The popular song “7 Years” by Lukas Graham represents my study abroad experience a few ways. To start, they are a Danish band; so as Danish-made music is reaching American culture, this American is experiencing and enjoying Danish culture. It also references speeding up from being seven to 60 years old just in the few minutes of the song. I have been in Copenhagen for two months, and that seems like way too little time to be halfway done with my semester. Most importantly, this song reflects my life here because I have been listening to it and singing it as loud as possible for a while now, much to the disdain of my roommate.
The other thing on my mind is my recent trip to Berlin with my Cross-cultural Psychology class. DIS, my study abroad program here in Denmark, arranges these trips so that every student travels to some location in Europe with their class for a week. This is probably one of the biggest strengths of DIS because it really allows us to experience the world and realize what we learn outside of just the classroom. Through tour guides at every location, we are able to learn a lot more about the importance of the place we are in than we would if we were just going as tourists. Berlin was the perfect destination for us to better understand the cognitive and behavioral differences and similarities among people of varied cultures and how that can be played out with disastrous effects. (We also ate a lot of great food.)
My initial impression of Berlin was that it was very gray and dull. Compared to lively Copenhagen with different colored buildings on every street, Berlin seemed sad. But that is probably a pretty good description of the emotions of the city considering its tragic past. Our main academic visits were to the Jewish Museum, the Berlin Wall, different memorials, and the Sachsenhausen concentration camp.
Unlike other nations (the U.S.) who try to repress their dirty past, Germany is able to acknowledge their mistakes and pay respect to those they mistreated. For example, the United States can write in history books that slavery was bad, but there is not a memorial that I know of to remember and grieve this tragedy. On the other hand, Berlin, just in what we were able to see for the few short days we were there, has different memorials for Jewish, homosexual, political, and Sinti and Roma victims of the Holocaust. Denmark, too, seems to be ignoring its problems and pretending they do not exist. So, in this sense, Berlin is a pretty special place.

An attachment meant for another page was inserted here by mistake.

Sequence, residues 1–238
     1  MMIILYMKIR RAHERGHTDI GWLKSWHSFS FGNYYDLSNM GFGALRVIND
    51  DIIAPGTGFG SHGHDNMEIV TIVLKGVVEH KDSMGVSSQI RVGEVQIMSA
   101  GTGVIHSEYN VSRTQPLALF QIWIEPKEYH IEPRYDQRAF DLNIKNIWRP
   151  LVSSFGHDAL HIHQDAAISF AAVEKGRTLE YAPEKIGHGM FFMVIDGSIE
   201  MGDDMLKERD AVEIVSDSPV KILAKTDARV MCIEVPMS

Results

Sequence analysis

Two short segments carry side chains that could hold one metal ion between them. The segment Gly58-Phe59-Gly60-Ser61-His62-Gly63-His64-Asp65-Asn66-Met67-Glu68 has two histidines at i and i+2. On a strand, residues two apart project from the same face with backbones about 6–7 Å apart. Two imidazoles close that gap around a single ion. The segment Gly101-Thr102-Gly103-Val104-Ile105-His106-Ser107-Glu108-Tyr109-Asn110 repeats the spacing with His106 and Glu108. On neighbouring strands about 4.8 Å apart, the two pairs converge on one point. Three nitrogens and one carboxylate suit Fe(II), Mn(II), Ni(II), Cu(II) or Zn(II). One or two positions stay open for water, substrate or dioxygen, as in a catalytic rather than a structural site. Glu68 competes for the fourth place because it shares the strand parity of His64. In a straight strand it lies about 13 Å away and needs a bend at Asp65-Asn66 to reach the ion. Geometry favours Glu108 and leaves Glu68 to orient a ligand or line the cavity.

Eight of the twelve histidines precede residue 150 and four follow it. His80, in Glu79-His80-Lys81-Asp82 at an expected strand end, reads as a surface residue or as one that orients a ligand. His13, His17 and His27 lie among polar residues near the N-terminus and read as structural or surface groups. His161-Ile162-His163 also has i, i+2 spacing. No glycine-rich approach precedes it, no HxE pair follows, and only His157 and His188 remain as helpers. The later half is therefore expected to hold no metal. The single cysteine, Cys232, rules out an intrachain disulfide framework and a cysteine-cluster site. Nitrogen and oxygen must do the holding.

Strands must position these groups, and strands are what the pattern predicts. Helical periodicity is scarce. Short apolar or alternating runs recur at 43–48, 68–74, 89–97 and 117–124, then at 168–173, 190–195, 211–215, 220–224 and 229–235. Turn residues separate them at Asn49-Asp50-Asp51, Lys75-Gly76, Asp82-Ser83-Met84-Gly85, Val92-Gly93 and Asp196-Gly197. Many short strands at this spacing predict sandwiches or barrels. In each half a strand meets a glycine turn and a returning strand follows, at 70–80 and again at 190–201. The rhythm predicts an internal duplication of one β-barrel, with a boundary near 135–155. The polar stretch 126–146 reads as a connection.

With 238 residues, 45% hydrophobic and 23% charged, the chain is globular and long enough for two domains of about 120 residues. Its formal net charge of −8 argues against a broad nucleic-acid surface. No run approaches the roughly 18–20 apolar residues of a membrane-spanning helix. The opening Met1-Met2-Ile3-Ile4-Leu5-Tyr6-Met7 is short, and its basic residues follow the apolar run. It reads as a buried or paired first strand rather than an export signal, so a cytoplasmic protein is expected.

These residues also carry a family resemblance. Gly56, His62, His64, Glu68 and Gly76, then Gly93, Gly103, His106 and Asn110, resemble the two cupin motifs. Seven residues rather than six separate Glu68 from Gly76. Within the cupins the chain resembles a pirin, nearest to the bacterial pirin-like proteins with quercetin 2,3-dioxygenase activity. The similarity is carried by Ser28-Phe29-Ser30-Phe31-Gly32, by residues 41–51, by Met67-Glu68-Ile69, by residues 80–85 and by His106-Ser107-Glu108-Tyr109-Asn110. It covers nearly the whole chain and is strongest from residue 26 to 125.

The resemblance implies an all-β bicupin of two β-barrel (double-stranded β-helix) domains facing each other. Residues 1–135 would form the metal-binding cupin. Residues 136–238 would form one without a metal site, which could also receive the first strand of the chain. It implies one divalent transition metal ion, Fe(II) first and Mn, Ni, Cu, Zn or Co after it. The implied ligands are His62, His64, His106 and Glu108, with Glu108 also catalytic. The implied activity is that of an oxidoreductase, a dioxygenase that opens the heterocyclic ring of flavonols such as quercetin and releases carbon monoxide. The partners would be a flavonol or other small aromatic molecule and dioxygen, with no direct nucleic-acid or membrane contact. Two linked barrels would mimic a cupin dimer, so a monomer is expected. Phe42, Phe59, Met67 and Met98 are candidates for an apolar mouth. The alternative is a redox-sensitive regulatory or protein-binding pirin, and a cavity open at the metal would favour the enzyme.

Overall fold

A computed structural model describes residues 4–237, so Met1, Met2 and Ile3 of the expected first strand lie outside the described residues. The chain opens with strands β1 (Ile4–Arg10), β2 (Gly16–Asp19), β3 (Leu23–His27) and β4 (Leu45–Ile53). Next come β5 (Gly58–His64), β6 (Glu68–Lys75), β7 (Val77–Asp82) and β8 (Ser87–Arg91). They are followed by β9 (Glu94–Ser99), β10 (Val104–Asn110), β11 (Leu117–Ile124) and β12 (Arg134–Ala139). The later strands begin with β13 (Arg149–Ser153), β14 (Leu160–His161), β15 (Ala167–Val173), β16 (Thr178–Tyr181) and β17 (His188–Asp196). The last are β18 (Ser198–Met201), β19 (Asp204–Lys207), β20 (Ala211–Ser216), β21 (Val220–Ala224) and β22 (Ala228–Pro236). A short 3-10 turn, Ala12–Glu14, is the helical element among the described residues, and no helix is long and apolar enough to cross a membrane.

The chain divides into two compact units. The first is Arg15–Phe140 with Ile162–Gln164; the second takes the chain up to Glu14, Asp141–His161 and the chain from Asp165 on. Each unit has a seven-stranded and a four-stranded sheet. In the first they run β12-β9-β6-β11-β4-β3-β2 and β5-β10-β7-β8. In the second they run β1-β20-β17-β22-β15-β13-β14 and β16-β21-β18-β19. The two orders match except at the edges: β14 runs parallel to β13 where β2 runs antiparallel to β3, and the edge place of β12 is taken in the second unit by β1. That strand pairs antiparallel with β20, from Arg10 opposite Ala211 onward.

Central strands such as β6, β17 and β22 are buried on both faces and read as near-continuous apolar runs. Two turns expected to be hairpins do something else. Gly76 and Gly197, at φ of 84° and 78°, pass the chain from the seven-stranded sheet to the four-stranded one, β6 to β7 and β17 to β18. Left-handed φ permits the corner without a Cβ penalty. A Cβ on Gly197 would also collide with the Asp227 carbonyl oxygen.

Germany seems pretty fragile, and I am afraid that it is going to break, again. The tension between East and West Germany, while obviously not as salient in the minds of younger generations now, is still visible. For example, we had a discussion with two people, one from West Berlin and one from East Berlin, who were children when the wall came down. Even though they were friendly with each other, there were some subtle attacks between the two that showed that they still held on to some of the antagonistic ideologies they were raised with.
Within the past couple of years, an anti-Islam group named Pegida has gained strength and visibility in Germany. Their name in English means “Patriotic Europeans Against the Islamization of the West,” and they have thousands of people helping to spread their message of hostility. They are not located in Berlin, but while I was there I had to walk through a heavily guarded police line to enter my hotel near the central metro station because, according to a policeman, they were preparing for a Pegida protest that occurs every Monday night there. Maybe this is just because I was hyperaware of the circumstances, but I think that I saw more policemen around Berlin during my time there than I have ever seen in New York City. The Nazi rise to power happened so quickly and easily in part because of the feelings of the people at that time. It is terrifying to think about what this group and other anti-immigration or anti-Islam groups will do in the future in Germany, the rest of Europe, and the U.S.
Looking beyond my sadness and fear about the state of the future of the world, Berlin was a pretty neat place. They had orange trashcans everywhere that had funny and sassy sayings on them, like one next to an art museum that said “Museum of Modern Trash,” and one near the exit of the former American sector of Berlin that read “You are leaving the dirty sector.” There were also beautiful murals both on buildings and the Berlin Wall that reflected on the pain of the past and pointed toward an optimistic future. My six days in Berlin, while opening my eyes to a tragic past and an uncertain future, made me appreciate the happiness and safety I feel in Denmark and made me eager to get back to my home in Copenhagen.